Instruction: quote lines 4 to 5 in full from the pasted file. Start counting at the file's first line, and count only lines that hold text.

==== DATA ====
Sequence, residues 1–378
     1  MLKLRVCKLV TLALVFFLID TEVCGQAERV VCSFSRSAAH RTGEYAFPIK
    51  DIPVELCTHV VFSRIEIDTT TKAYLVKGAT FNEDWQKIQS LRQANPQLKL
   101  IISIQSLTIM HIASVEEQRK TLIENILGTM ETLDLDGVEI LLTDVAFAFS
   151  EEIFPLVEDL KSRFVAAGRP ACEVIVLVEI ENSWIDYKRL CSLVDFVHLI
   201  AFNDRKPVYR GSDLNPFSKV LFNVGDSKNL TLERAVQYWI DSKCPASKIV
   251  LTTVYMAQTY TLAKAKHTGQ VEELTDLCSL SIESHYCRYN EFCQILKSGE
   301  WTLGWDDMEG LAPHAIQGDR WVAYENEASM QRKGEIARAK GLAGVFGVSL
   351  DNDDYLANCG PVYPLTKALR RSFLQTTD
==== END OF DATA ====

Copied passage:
   101  IISIQSLTIM HIASVEEQRK TLIENILGTM ETLDLDGVEI LLTDVAFAFS
   151  EEIFPLVEDL KSRFVAAGRP ACEVIVLVEI ENSWIDYKRL CSLVDFVHLI